Gold flat as weak dollar counters rally in stocks
By Shreyansi Singh (Reuters) - Gold prices were little changed on Monday as a softer dollar countered pressure from gains on Wall Street driven by hopes for a swift economic recovery following strong U.S. jobs data
By Shreyansi Singh
(Reuters) - Gold prices were little changed on Monday as a softer dollar countered pressure from gains on Wall Street driven by hopes for a swift economic recovery following strong U.S. jobs data.
Spot gold held steady at $1,729.20 per ounce, as of 12:14 p.m. EDT (1614 GMT). U.S. gold futures were little changed at $1,730.30.
The S&P 500 and the Dow hit record highs on data that showed the U.S. economy created the most jobs in seven months in March. [.N]
"As long as we've got this upbeat investor and trader risk appetite scenario, the gold and silver markets are probably going to languish at best and maybe continue to trend sideways to lower," said Kitco Metals senior analyst Jim Wyckoff.
The dollar weakened, making bullion less expensive for holders of other currencies.
"Stimulus is inflationary and potentially bullish for gold in the longer term, and also silver, but on the shorter term traders are focusing on the positive economic aspects of the stimulus package," Wyckoff added.
U.S. President Joe Biden's announcement of a long-awaited $2 trillion-plus job plan last week has fueled concerns over inflation.
On investors' radar were minutes from the Federal Reserve's last policy meeting on Wednesday.
"So far, the Fed is quite committed to keep interest rates unchanged until the end of 2023, but if inflation increases ... then they will achieve their long term objective sooner than expected," said Jigar Trivedi, commodities analyst at Mumbai-based broker Anand Rathi Shares.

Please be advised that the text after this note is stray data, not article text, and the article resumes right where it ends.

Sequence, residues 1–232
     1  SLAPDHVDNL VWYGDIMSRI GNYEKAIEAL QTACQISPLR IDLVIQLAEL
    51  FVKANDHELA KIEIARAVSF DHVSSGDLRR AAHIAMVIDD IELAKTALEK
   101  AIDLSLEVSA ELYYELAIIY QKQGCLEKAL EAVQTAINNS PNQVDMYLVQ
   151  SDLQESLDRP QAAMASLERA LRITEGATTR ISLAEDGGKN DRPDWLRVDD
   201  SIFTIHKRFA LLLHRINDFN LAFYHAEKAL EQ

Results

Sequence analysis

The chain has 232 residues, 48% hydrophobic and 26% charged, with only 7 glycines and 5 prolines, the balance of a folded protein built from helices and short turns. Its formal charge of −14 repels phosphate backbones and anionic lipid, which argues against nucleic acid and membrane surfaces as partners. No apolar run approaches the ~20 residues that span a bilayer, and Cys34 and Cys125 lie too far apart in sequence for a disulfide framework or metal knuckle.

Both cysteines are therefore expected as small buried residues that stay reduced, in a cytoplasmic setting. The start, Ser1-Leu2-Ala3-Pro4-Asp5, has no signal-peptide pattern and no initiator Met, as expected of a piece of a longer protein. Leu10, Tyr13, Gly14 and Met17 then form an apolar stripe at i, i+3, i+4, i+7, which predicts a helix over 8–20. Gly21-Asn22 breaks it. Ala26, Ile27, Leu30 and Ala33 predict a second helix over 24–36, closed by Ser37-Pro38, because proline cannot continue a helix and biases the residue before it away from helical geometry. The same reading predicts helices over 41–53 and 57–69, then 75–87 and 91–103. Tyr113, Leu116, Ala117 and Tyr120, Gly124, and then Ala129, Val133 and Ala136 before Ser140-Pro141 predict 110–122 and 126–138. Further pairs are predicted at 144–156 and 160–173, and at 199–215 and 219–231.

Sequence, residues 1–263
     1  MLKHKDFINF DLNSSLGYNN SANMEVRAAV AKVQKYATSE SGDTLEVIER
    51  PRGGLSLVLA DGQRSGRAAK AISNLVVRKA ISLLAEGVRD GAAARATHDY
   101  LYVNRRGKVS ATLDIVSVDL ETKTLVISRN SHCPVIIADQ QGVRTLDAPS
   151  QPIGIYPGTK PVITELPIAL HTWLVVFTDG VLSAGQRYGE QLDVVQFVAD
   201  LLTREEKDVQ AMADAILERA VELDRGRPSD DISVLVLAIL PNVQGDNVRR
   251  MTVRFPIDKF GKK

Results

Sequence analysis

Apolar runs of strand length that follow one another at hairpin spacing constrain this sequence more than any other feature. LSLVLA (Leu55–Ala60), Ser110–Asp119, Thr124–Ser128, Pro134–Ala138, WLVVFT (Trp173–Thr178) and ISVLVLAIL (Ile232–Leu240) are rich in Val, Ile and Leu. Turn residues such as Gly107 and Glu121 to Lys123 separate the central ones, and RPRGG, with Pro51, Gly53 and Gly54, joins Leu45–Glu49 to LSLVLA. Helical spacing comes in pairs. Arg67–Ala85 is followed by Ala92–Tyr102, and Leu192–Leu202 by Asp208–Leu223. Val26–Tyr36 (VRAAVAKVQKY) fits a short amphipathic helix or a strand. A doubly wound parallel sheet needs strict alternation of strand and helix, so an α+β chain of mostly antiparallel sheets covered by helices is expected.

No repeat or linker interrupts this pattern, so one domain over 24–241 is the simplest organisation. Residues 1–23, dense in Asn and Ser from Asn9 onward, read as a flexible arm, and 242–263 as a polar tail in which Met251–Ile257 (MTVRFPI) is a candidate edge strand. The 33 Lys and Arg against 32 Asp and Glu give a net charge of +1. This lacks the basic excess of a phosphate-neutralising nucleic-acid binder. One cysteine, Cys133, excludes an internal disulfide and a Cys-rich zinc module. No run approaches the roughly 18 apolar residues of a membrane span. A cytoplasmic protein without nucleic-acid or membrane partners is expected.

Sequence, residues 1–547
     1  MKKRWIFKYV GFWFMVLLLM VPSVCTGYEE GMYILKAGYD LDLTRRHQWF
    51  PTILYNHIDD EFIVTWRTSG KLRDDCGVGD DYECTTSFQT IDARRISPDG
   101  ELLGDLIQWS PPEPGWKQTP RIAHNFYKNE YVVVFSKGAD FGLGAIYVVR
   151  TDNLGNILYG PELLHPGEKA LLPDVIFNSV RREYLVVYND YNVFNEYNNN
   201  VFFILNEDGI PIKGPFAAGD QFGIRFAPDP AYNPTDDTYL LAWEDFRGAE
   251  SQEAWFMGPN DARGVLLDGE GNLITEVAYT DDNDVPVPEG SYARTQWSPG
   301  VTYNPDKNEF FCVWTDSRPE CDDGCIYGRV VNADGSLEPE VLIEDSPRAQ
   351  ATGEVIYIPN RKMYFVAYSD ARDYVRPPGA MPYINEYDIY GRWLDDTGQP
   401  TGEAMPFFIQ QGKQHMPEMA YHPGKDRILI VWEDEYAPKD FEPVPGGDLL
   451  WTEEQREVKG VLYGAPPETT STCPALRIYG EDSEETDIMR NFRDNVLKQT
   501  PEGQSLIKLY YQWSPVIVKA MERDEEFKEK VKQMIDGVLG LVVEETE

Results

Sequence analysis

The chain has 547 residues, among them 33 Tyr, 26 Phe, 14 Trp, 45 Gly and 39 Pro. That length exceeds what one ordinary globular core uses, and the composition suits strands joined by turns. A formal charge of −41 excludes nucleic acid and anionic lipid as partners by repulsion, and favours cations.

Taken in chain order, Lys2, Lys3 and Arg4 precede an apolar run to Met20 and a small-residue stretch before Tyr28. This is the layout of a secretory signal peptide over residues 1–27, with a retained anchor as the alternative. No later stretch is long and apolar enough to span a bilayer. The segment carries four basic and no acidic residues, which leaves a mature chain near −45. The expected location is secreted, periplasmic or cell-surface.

"If that happens, we are going to see an increase in interest rates and that will be negative for gold prices."
Silver fell 0.7% to $24.80 per ounce and palladium was little changed at $2,665.06.
Platinum fell 0.3% to $1,206.46 per ounce after hitting its highest level since March 18 earlier in the session at $1,218.
(Reporting by Shreyansi Singh and Sumita Layek in Bengaluru; Editing by Matthew Lewis and Barbara Lewis)
This story has not been edited by Firstpost staff and is generated by auto-feed.
By Robin Emmott and John Irish | BRUSSELS/PARIS BRUSSELS/PARIS France and Germany will agree to a U.S. plan for NATO to take a bigger role in the fight against Islamic militants at a meeting with President Donald Trump on Thursday, but insist the move is purely symbolic, four senior European diplomats said.The decision to allow the North Atlantic Treaty Organization to join the coalition against Islamic State in Syria and Iraq follows weeks of pressure on the two allies, who are wary of NATO confronting Russia in Syria and of alienating Arab countries who see NATO as pushing a pro-Western agenda."NATO as an institution will join the coalition," said one senior diplomat involved in the discussions. "The question is whether this just a symbolic gesture to the United States
BEIJING Chinese President Xi Jinping on Wednesday called for greater efforts to make the country's navy a world class one, strong in operations on, below and above the surface, as it steps up its ability to project power far from its shores.China's navy has taken an increasingly prominent role in recent months, with a rising star admiral taking command, its first aircraft carrier sailing around self-ruled Taiwan and a new aircraft carrier launched last month.With President Donald Trump promising a US shipbuilding spree and unnerving Beijing with his unpredictable approach on hot button issues including Taiwan and the South and East China Seas, China is pushing to narrow the gap with the U.S. Navy.Inspecting navy headquarters, Xi said the navy should "aim for the top ranks in the world", the Defence Ministry said in a statement about his visit."Building a strong and modern navy is an important mark of a top ranking global military," the ministry paraphrased Xi as saying.